As if the New York Times doesn’t have enough to worry about, with total advertising revenues down 32 percent in the second quarter, its online business is deteriorating as well. In its earnings announcement this morning, the company breaks out Internet advertising revenues of $68 million, which is a 15.5 percent drop from a year ago.
The year-over-year declines keep getting worse, as you can see in the chart above. In the last three quarters the annual decline went from a 3.5 percent drop in the fourth quarter of 2008 to a 6.1 percent decrease in the first quarter of 2009 to negative 15.5 percent this quarter.
Annual Decline In Internet Advertising Revenues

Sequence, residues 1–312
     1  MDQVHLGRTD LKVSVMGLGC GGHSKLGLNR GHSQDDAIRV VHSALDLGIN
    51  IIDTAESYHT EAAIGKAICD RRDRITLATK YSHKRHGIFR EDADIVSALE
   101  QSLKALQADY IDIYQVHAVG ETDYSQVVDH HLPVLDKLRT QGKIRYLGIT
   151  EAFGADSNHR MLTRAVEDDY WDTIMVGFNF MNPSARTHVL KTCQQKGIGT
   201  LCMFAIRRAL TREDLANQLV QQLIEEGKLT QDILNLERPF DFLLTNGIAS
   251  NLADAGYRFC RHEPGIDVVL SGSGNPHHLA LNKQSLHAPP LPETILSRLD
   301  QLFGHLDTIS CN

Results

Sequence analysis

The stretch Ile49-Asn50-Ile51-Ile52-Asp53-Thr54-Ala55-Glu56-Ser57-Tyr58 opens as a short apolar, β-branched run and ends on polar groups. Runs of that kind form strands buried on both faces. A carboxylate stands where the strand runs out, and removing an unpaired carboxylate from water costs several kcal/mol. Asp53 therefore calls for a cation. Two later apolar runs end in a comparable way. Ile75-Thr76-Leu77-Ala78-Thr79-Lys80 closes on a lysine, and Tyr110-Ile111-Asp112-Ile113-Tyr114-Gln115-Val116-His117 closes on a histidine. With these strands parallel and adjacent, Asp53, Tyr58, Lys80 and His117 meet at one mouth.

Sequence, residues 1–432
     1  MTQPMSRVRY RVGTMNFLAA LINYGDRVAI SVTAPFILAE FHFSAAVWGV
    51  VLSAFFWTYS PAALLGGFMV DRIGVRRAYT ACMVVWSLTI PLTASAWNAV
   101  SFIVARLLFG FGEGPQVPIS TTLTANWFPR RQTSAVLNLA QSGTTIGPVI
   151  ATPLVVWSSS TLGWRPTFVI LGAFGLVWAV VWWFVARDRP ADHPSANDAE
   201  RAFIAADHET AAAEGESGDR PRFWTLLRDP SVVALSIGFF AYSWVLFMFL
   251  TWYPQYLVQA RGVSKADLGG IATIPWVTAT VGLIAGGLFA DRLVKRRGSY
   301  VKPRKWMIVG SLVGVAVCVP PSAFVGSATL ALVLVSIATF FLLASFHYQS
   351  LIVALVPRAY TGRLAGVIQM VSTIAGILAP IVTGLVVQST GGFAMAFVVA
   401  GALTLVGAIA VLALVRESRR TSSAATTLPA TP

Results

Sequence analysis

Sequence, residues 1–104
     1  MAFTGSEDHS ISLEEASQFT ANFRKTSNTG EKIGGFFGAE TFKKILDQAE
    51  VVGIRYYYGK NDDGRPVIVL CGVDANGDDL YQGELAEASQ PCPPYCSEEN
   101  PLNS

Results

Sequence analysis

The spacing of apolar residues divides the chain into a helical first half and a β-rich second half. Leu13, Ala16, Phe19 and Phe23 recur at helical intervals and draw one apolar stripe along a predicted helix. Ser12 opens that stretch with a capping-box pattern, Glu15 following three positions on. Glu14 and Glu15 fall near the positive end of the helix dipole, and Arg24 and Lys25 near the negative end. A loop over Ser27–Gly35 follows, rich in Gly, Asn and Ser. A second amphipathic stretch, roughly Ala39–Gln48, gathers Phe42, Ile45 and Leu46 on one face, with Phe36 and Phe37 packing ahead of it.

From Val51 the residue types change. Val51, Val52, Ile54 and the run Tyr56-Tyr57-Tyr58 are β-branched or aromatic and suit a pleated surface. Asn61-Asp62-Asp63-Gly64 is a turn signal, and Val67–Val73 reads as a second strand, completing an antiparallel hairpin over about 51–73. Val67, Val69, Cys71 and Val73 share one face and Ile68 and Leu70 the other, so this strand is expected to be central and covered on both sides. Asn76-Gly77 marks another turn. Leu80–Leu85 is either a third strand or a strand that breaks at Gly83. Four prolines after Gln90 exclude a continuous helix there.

While the $68 million is a fraction of the NYT’s $454 million in total advertising revenues in the quarter (and an even smaller portion of the company’s overall revenues of $702 million, which includes circulation and other sources), the NYT is a bellwether when it comes to media sites on the Web. And if it can’t stem the bleeding on the Web side of its business, other publishers are likely having trouble as well.
There is one glimmer of hope, however. On a sequential basis, compared to last quarter, the NYT’s Internet ad revenues were virtually flat ($68.0 million vs. $67.6 million). And the company as a whole was able to eke out a profit of $21 million, but only because it slashed $132 million worth of costs. And Classified advertsing revenues were down 45 percent. So it is still very much in the woods.